A similar drawing depicts the songline being cleansed, this is effectively the character sheet for the environment in which the game occurs. A single path passes across the centre of the page with a number of "campsite circles" along it. A quick game will have three or four campsite circles representing a line that is only a few kilometres in length. An epic game might have twenty or more "campsite circles" (representing a few hundred kilometres), but such a song-line is better divided into several smaller songlines (no more campsites than the number of characters involved). The characters literally travel along this path, cleansing it as they go, issues to be "rebalanced" are represented by a pile of tokens are spread across the songline.
Note that it isn't necessary to cleanse the songline in order from one end to the other. A group of characters could find things easy at one end (few tokens between the "campsite circles"), and hard at the other (many tokens). Another group might find it easy at both ends and difficult in the middle. Yet another group might find a balance across the entire songline.
The idea is the remove as many tokens as possible from all parts of the songline, making the journeys safe for future travelers along the path.
Playing the game...
All players (including the GM) create a character, an antagonist (randomly allocated to a character), a tool useful for eliminating an antagonist and an imbalance symptom. Characters and antagonists are made the same way, useful tools and imbalance symptoms are written on index cards as quick sentences to be fleshed out in the course of play.
The imbalance symptoms, useful tools and antagonists are shuffled. Each time the characters investigate a part of the songline, they reveal one of the imbalance symptoms. When they start making headway against the imbalance (eliminating at least a third of the original tokens), they may be rewarded with the next useful tool on the pile. Once they reach a climax (eliminating about two thirds of the original tokens), they face the next antagonist...with successful investigation, the GM reveals how this particular antagonist was behind the imbalance.
Short songlines may have more imbalances than sections, in such cases, resolving the initial imbalance simply reveals the next set of problems...perhaps the characters have caused this new imbalance while trying to rememdy the first set of symptoms...or maybe the new problem is simply more insidious and was hiding behind the original problems.
Long songlines may have sections without an imbalance, there is no problem with this either. Not everything has to have problems associated with it.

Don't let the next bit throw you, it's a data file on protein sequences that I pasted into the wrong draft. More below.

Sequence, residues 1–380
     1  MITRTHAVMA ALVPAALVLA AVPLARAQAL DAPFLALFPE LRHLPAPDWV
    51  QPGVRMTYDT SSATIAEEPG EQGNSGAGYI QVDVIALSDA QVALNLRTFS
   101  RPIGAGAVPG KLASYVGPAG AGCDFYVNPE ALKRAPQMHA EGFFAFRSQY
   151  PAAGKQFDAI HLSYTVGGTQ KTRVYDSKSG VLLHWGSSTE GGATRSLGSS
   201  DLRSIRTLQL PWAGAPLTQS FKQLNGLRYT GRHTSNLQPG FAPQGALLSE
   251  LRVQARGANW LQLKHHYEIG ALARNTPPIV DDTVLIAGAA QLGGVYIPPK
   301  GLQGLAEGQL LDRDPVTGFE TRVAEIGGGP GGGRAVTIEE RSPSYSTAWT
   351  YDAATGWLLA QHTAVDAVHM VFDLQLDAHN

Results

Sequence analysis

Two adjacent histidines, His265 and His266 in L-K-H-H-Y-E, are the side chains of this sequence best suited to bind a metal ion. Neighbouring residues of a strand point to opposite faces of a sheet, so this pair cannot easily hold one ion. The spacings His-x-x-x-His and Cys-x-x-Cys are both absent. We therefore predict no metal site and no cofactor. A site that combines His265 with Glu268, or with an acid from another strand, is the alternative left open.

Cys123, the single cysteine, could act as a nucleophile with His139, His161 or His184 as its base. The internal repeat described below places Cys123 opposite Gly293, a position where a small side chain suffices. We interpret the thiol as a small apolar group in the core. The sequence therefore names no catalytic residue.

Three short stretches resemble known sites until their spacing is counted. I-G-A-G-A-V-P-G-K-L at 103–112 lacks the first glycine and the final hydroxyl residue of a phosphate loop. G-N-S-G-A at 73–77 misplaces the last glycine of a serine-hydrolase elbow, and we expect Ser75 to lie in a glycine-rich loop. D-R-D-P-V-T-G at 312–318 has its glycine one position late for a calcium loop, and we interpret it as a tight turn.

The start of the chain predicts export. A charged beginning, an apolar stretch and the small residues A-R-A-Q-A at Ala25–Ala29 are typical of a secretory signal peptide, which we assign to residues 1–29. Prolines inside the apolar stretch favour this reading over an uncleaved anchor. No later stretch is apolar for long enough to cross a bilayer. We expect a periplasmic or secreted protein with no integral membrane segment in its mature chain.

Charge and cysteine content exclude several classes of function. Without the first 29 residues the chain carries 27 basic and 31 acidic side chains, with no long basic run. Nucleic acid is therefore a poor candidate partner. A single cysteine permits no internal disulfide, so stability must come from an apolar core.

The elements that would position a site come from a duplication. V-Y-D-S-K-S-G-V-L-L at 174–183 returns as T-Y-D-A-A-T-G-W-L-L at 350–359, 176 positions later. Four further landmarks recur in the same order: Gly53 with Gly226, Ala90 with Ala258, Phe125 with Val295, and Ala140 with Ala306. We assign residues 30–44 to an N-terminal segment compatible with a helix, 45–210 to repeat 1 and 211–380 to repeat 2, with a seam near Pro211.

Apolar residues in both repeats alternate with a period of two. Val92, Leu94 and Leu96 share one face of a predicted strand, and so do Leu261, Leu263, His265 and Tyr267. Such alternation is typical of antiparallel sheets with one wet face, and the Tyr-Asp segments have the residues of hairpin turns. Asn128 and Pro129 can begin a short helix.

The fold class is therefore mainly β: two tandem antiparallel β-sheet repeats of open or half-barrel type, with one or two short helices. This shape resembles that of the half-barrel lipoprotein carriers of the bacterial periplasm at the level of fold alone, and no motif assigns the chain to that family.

The GM sets scenes, the players initiate actions within those scenes (pretty traditional). Everything defaults to a standard difficulty, unless the GM wants to make things harder. If the GM wants to make things harder, they draw from the tokens on the songline section, each token makes things 1 degree incrementally harder.
A sequence of actions makes a scene. Once there are no more immediate actions being taken, a scene comes to it's conclusion. Any situational traits gained during the scene are lost (whether bonuses or penalties).
At the end of a scene, the players may agree to call the end to an act. Any short-term traits currently possessed are lost (whether bonuses or penalties), the GM rolls a die for every expended token. On a 5 or 6 they may return the expended token to the location where it was used, or one of the adjacent songline sections. On a 1-2 the tokens are discarded from the game entirely.
A session reaches it's conclusion in one of several ways:
1. If all the tokens have been removed from the songline it is once again considered a safe path for travel. (If there are still antagonists left, then they may need to be faced again later, but their immediate dangers have been subdued).
2. If all the antagonists have been eliminated, the initiators of the songline imbalance are gone...but there might still be unresolved problems. (If any songline section still has two or more tokens on it, then there may be another antagonist waiting to cause problems in a future session).
3. If all the characters have been eliminated (through death, fleeing the area, insanity, or something else), the area is still dangerous.
At the conclusion of a game all long-term traits are lost (whether bonuses or penalties). One permanent trait may be kept. Only one permanent trait is kept this way per game, unless the player is willing to mark their character sheet with a permanent negative trait. If they keep a second trait, they mark a section of their body with a scar indicating a single bonus and a single penalty. The player may choose to write a single sentence describing the circumstances this scar/tattoo commemorates.
When you do body painting to your character, you pencil it onto your sheet...it can be rubbed off the body or rubbed off the character sheet.
When you ritually scar your character, you mark your character sheet in pen...these markings become a permanent part of the character.
I had just been thinking of using this game as a "rewritten-from-scratch" update/hack for my FUBAR game.
The chaotic free-for-all has been working really well in a game about betrayed people seeking vengeance, but these posts have really made me think more deeply about the experience of this game.
As a result, I'm thinking of changing some of the core defining traits of characters...and changing up the structure a bit.